Why ride a scooter for so long? Quite simple really.. the answer, not the author, although some might argue otherwise.

After having spent 7 years at home as a stay-at-home dad while our daughter grew up, I decided to think about a career for when she got a bit older. The prospect of going back into and office and selling things 9-5 (or for however many hour the job takes, as my last couple of contracts so quaintly phrased it) filled me with horror. To put all that work in for little return just didn't seem to suit me.

So, what job could I do where the hours are totally flexible and where I wouldn't have to be shut inside an office environment for the rest of my working life? I enjoy driving... yes, even in London... so why not think about becoming a cabbie.
To become a licensed hackney carriage driver in London, an applicant needs to demonstrate that he or she can find the shortest route between any two given places within 6 miles of Charing Cross Station in the centre of London. And all without the aid of map or sat-nav system.

The process of learning and demonstrating all this is known as "The Knowledge of London".

On average it takes a knowledge-boy or -girl, around three and a half years to complete the knowledge. All at their own expense, and all in their own time.

A list of 320 routes forms the backbone of The Knowledge, but is far from all you'd need to know. Once you've learned the routes, you also need to find places (known as points) on those routes. These can be restaurants, bars, museums, offices, stations, pretty much anywhere a passenger might as to go to.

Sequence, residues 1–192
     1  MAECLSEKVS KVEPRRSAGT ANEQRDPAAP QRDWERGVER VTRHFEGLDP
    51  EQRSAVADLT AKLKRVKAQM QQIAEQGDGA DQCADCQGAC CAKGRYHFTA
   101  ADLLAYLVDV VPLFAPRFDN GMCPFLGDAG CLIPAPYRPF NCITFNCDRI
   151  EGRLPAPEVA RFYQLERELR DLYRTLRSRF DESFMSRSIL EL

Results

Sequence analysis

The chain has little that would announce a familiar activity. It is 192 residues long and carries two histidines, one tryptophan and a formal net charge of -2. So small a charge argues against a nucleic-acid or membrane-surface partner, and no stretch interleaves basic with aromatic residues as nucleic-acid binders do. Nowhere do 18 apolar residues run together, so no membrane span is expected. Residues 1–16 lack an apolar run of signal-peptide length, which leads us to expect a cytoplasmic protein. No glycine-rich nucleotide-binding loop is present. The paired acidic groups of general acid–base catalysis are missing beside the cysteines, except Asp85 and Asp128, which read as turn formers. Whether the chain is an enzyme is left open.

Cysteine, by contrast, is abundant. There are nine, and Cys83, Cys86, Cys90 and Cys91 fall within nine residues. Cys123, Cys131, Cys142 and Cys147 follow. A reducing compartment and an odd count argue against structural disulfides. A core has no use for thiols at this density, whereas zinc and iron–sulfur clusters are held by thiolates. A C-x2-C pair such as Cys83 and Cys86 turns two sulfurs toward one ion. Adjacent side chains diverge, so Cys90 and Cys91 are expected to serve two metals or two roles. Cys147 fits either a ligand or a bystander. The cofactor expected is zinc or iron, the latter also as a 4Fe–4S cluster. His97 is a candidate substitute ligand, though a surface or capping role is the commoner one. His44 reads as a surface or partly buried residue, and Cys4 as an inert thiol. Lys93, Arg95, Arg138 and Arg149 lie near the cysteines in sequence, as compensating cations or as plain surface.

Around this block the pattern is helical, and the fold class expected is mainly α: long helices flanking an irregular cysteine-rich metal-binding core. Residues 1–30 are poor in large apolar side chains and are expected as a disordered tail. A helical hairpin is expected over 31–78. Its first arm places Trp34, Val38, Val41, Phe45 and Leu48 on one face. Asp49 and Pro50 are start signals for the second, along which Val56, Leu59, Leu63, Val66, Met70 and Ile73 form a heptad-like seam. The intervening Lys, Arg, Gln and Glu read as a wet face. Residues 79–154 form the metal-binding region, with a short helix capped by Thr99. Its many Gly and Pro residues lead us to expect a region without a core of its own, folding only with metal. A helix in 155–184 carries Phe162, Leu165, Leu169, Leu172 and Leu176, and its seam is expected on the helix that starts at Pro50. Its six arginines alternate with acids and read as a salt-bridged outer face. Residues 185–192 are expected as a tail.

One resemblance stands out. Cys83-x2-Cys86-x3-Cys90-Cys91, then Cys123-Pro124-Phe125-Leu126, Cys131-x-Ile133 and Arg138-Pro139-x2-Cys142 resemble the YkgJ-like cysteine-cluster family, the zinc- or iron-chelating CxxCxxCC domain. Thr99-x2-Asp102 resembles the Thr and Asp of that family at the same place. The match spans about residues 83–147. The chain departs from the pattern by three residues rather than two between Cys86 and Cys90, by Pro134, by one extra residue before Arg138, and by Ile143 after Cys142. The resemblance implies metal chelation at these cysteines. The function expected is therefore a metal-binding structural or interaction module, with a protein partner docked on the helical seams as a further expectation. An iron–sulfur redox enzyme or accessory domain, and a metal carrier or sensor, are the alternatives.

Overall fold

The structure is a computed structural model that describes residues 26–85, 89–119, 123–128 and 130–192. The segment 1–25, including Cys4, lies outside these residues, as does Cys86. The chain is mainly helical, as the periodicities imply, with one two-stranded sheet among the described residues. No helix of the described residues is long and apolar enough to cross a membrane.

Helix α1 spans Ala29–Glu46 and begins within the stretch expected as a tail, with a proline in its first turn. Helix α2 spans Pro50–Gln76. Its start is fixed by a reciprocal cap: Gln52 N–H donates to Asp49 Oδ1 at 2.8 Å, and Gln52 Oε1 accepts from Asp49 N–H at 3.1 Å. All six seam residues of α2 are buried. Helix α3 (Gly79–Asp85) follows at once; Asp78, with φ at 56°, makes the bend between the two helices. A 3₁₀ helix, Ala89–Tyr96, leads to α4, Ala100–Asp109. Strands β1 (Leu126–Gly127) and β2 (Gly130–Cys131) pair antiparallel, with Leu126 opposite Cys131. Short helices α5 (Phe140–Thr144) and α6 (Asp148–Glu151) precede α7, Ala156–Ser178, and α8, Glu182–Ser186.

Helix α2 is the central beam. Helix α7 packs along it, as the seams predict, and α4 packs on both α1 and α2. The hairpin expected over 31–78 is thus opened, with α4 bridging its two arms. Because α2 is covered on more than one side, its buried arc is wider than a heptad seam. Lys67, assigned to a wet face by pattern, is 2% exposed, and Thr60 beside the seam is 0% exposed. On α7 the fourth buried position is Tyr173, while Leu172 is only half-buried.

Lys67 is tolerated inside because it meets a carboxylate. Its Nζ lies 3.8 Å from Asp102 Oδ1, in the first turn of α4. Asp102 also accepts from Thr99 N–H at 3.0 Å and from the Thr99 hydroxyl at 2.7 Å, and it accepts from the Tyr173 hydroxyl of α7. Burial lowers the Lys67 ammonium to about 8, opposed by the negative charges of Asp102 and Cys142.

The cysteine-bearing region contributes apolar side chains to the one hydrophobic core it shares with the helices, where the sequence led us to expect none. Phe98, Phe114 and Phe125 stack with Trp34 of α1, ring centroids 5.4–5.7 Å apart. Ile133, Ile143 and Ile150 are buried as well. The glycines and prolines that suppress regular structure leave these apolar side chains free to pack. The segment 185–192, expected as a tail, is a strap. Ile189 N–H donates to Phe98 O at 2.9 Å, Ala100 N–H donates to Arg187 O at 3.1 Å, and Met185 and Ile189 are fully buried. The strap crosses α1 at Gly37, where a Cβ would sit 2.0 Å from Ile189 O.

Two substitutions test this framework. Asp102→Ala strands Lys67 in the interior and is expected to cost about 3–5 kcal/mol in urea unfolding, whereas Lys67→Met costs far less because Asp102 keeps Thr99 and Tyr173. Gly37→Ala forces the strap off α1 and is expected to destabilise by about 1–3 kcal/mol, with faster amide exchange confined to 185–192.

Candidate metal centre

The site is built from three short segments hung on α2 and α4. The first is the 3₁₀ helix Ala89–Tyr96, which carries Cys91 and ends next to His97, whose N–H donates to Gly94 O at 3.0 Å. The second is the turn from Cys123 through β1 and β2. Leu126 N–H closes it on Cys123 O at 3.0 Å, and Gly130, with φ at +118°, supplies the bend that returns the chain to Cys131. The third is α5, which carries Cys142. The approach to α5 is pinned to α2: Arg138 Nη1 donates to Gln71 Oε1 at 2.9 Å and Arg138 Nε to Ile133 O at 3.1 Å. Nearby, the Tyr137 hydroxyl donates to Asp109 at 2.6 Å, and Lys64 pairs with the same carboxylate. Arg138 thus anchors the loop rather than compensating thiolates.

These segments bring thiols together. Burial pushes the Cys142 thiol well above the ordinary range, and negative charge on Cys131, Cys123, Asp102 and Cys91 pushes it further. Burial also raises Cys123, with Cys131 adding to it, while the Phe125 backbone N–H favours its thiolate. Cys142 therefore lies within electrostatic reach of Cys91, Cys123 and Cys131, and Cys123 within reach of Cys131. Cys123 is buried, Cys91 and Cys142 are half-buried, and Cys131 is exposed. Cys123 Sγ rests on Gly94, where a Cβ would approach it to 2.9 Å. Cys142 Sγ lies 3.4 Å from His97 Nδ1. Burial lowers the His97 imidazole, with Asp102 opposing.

The easiest way to find these points is simply to get out there and find them. It can be done on foot, or by car, but by far, the most popular way is to use a scooter or moped. You'll recognise a knowledge boy in town. Their bike usually has a perspex screen on the front normally with a map or a list of roads and points that they need to find.

And so for several years, in all weathers, a knowledge boy will be pounding the streets searching for somewhere that the examiners have asked in previous exams (known as "appearances"). Once all that bike work is done and you've worked your way through the appearance system you then have to learn 132 routes from the edge of the six mile radius out to the London Suburbs.

And that is the stage I am now at. I've managed to drive all of the routes adding another 1500 miles or so to the 24,000 I've already done (I suspect it would have been quicker and easier to have become the pilot of a 747). The next couple of weeks will be spent revising these runs before I go back up to the Public Carriage Office (PCO) where I will have to recite a few of them at the examiner's choosing.

Providing I'm successful, I'll then be given a final talk, presented with my badge and I can then start work once I've picked up my cab from the rental company.

And that, in a nutshell is what I've had to go through in the past three years. I'm sure these pages will tell you more about some of the details as I recall them once I'm in the job. Or perhaps it'll all just fall out of the already full dustbin that is my brain. Who knows?

Right! Revision beckons.